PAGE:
In 1937, a year after the film Redes was released, Aaron Copland wrote a review of sorts which detailed his feelings about Mexican music and composers Carlos Chavez and Silvestre Revueltas. The review appears reprinted below.
By AARON COPLAND
Up to a few years ago our knowledge of Mexican music was confined purely to popular folk music. It is only in the past three or four years that the public has become in any way conscious of the fact that there is a new musical movement in Mexico comparable in importance to the movement in painting. This new movement is due principally to the efforts of two composers, Carlos Chavez and Sylvestre Revueltas. Both Chavez and Revueltas are friends of the painters Rivera and Orozco. They understand that in order to created a purely indigenous movement in music they must find a musical background in their own country, just as the painters have found their roots in the Mexican landscape. In a sense, this is easier for Mexicans than for artists in our own country, because Mexico possesses a very strong folk art derived from its own Indian civilization, which provides the artist with a rich source material.
Chavez is a name known to most music lovers -- thanks to his recent conductorship of the New York Philharmonic-Symphony Orchestra. Revueltas deserves to be equally well known, because he has already produced music which makes him a figure of importance in the general scheme of the modern musical movement. In certain respects Revueltas is even more obviously the Mexican artist in his music than Chavez. He draws more directly on actual tunes that originated from popular Mexican music, and he composes organically tunes which are almost indistinguishable from the original folk material itself.
Revueltas is the type of inspired composer in the sense that Schubert was the inspired composer. That is to say, his music is a spontaneous outpouring, a strong expression of his inner emotions. There is nothing premeditated or unspontaneous about him. When seized with the creative urge, he has been known to spend days on end without food or sleep until the piece was finished. He writes his music at a table in the manner of the older musicians, and quite unlike the musical procedure of the modern composer, who, because he uses complex harmonies and rhythms, is as a rule forced to seek the help of the piano. I mention this as an instance of Revueltas's extraordinary musicality and naturalness.
His music is above all vibrant and colorful. It is characteristic of Revueltas that he does not write symphonies and sonatas so much as vivid tone pictures. His orchestral works are entitled "Street Corners," "Windows," "Maguey Plants," "Roads" -- suggestive titles which leave much to the imagination of the listener. One of his more recent orchestral works; which was privately recorded in Mexico, is called "The Frog Going Places." Many of these works leave one with an impression similar to that one receives from the bustling life of the typical Mexican fiesta. Revueltas takes his simple tunes (Mexican folk melodies are not distinguished by any great richness of variety) and uses them with all the elaborate paraphernalia available to the composer who is thoroughly aware of the modern movement in music.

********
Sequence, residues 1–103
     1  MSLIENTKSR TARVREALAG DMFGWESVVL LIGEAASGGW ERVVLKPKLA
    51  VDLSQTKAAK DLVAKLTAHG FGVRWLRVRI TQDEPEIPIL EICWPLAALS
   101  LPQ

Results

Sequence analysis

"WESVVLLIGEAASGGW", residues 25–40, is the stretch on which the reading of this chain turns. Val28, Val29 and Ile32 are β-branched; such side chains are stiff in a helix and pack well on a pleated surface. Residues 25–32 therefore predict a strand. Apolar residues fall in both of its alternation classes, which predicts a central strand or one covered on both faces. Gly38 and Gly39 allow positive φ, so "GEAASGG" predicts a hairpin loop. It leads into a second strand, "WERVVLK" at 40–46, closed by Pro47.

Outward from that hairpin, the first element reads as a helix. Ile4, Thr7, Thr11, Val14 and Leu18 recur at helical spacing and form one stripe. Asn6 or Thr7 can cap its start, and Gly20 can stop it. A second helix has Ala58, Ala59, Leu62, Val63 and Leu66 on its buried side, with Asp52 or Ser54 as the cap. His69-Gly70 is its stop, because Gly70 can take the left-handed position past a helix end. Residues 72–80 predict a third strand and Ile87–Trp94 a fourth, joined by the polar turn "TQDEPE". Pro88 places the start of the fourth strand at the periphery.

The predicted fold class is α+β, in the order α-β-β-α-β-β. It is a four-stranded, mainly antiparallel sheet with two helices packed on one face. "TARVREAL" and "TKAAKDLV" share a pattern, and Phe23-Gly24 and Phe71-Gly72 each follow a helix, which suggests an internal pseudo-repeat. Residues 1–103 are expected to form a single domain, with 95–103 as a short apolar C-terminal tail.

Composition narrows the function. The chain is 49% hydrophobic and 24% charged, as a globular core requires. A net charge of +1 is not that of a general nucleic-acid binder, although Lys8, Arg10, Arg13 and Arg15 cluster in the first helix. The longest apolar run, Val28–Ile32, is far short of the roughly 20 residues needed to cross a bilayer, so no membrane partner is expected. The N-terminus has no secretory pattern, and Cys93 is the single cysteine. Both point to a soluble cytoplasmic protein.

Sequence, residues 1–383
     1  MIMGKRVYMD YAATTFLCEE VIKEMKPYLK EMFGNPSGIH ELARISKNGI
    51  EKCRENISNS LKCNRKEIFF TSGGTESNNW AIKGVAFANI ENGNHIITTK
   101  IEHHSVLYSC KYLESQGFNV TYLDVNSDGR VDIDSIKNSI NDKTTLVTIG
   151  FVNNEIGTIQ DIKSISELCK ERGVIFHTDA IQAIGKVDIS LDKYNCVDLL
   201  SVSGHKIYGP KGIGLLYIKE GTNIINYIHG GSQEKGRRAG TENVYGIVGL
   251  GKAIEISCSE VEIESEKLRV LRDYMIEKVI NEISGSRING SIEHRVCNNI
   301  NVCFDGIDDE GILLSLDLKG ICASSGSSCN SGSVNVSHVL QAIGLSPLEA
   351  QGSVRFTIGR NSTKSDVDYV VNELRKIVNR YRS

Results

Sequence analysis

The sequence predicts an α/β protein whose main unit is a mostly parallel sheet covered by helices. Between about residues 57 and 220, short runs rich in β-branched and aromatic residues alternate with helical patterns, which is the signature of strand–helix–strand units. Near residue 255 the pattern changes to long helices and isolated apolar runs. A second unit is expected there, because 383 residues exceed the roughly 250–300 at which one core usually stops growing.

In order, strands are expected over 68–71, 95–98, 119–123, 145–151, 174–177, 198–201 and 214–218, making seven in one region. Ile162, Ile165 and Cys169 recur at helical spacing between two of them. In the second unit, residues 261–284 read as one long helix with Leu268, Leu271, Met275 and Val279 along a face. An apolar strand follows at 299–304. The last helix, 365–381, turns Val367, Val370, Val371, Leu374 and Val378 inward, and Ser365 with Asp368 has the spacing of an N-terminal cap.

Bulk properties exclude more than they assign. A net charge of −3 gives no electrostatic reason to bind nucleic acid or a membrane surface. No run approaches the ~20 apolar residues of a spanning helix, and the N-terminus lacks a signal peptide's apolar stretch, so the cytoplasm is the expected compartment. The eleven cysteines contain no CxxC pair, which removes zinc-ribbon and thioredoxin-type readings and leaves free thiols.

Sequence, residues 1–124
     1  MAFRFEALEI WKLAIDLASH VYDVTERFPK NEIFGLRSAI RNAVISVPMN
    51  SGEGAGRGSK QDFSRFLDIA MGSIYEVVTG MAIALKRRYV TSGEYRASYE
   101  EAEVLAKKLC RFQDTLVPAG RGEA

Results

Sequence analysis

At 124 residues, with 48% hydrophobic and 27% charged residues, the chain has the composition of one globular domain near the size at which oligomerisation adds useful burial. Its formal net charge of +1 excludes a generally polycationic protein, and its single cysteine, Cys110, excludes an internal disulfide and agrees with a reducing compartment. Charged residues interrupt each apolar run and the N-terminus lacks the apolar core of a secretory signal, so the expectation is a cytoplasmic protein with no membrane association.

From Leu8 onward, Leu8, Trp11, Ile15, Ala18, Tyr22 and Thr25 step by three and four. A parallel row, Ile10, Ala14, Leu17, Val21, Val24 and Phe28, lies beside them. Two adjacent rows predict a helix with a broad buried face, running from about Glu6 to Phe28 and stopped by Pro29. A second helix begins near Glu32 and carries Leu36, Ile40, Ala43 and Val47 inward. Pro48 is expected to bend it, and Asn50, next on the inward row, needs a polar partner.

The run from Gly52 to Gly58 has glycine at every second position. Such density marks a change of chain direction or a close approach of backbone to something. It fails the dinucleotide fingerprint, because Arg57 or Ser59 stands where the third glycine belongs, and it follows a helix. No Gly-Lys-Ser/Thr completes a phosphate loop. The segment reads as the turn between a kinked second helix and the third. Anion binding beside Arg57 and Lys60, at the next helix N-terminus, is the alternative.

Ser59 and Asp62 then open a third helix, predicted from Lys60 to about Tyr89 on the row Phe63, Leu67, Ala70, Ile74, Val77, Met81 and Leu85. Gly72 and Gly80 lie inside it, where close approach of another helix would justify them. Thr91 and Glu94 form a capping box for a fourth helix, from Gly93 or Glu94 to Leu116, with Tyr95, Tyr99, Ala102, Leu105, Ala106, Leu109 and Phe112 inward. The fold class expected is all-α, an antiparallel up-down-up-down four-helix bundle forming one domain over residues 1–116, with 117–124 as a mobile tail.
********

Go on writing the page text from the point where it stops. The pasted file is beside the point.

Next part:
Revueltas is a progressive soul in every sense of the word. A first hearing of his music is almost certain to bring to mind the image of Stravinsky or Bela Bartok, but a more intimate knowledge of the score makes more evident the special personality of the composer. Speaking broadly, I should say that Revueltas's music has been more quickly appreciated in Mexico than that of Chavez. This may be due to the fact that its content is less intellectual and therefore can be more easily understood. The music of Chavez is strong, stark and lacking in any exterior colorfulness; Revueltas's music, by comparison, is derived from the more usual everyday side of Mexican life. It is often highly spiced, like Mexican food itself. It is full of whims and sudden quirks of fancy and leaves one with a sense of the abundance and vitality of life.
The score that Revueltas has written for "The Wave," the Mexican film "Redes," now at the Filmarte, was composed in 1935 and has many of the qualities characteristic of Revueltas's art.
The need for musical accompaniments by serious composers is gradually becoming evident even to Hollywood. The Mexican Government, choosing Revueltas to supply the music for "The Wave," is very much like the U.S.S.R. asking Shostakovich to supply sound for its best pictures. It is questionable whether the real future of either of these men lies in the field of concert music.
Fortunately, in the case of the Mexican composer, we do not have to wait for the concert world to reveal him to us. Any one who is interested in the development of music in the Western Hemisphere is now able to hear the music that Revueltas has written for Paul Strand's memorable film about Mexico.
Original article appeared in the New York Times, May 9, 1937 by Aaron Copland
Blog post edited by Dr. Kevin Eberle
Copyright New York Times, 1999